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- Office coworking company WeWork filed on Wednesday its paperwork for an initial public offering.
- WeWork’s path to an IPO has come at a cost. It has considerably increased spending on sales and marketing over the past two years.
- WeWork spent $378.7 million on sales and marketing in 2018, up 164% year-over-year.
- WeWork has been spending heavily in marketing as it tries to fend off competition from numerous rivals taking an aim at the coworking business.
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On Wednesday, office coworking company WeWork filed its paperwork for an initial public offering, in what is likely to be one of the most highly anticipated — and scrutinized — market debuts of the year.
But its path to an IPO has come at a price.
WeWork parent company The We Company’s filing with the Securities and Exchange Commission revealed billions in losses, a sprawling collection of leases, and growing revenue — as well as burgeoning advertising expenses.
WeWork has steadily pumped more money into advertising
WeWork spent $378.7 million on sales and marketing in 2018, the company reported in its filing. While this is small compared to other companies that have gone public recently like ride-hailing startup Uber, which shelled out $3.2 billion, it is a whopping 164% more than what WeWork spent in 2017.
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In fact, sales and marketing spending has increased as a share of WeWork’s revenue, the company stated in the filing. In 2018, sales and marketing accounted for 21% of revenue, from 16% the year before.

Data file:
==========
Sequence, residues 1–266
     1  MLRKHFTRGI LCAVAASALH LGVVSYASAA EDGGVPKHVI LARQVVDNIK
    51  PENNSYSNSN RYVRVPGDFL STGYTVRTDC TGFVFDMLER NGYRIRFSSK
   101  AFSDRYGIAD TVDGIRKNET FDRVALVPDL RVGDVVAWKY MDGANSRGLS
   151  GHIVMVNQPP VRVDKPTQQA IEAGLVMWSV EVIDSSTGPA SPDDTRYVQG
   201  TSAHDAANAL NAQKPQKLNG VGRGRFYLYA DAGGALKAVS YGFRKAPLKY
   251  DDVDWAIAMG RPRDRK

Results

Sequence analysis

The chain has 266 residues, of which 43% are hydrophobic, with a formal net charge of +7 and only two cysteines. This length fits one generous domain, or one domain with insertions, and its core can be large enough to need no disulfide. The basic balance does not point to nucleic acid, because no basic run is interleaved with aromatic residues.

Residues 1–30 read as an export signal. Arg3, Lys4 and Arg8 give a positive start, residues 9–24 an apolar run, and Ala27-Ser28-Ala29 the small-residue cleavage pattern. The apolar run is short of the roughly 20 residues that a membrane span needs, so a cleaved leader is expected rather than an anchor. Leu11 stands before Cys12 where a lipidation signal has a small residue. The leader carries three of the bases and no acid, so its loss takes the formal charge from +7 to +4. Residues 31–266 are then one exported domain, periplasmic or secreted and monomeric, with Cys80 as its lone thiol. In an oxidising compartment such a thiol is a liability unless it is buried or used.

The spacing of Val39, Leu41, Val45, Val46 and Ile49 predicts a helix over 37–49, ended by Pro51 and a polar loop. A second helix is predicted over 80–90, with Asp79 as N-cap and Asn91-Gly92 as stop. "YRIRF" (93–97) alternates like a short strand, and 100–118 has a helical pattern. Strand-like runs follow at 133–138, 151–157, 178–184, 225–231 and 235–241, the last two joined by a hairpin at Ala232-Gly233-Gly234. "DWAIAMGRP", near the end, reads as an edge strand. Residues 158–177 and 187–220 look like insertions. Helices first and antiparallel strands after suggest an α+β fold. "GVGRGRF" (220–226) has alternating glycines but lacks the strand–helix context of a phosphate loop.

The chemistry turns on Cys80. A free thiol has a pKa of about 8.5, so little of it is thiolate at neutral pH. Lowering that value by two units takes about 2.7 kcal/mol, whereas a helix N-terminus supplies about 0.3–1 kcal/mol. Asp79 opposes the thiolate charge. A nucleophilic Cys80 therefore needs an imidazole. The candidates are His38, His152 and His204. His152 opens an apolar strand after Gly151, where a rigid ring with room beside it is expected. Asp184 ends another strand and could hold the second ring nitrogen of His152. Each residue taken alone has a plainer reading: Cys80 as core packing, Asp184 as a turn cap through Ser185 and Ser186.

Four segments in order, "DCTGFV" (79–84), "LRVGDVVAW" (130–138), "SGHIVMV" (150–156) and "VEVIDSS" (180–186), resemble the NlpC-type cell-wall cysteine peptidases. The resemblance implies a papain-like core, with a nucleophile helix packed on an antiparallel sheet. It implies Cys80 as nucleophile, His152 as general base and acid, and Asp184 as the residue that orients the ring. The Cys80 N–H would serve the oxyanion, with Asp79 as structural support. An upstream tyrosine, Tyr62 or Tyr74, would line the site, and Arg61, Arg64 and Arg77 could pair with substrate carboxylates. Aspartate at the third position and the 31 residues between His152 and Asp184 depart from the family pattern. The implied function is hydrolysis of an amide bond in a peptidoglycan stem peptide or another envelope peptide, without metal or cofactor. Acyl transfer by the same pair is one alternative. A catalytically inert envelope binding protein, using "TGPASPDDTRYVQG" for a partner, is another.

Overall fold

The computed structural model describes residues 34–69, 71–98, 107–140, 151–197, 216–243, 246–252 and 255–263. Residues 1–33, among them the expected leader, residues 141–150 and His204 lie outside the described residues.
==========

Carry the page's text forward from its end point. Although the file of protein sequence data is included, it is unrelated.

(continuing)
Where the advertising money is going
As it gears up for an IPO, WeWork has significantly ramped up its advertising spending across various channels.
The company worked with former Airbnb marketing exec Jonathan Mildenhall’s new branding firm TwentyFirstCenturyBrand, and also rolled out its first-ever brand campaign last summer as it sought to fend off competition from numerous rivals trying to carve a piece out of the coworking business.
The campaign, created by its internal shop Creative Studio, consisted of a series of digital spots that tout its office spaces as spacious and accommodating.
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The 30-second spots were also circulated in shorter 15- and 6-second versions, as well as in the form of GIFs and static images across Facebook, Instagram, LinkedIn, and YouTube.
Facebook, in fact, has a case study from WeWork on its website, where it shows how WeWork’s video ads on Facebook and Instagram boosted online conversions and achieved an 88% reduction in cost per desk sold at its locations.
Among the other expenses was a flashy contest series that the company hosts, which has invited some scrutiny, according to Fortune, as it costs more than $40 million.
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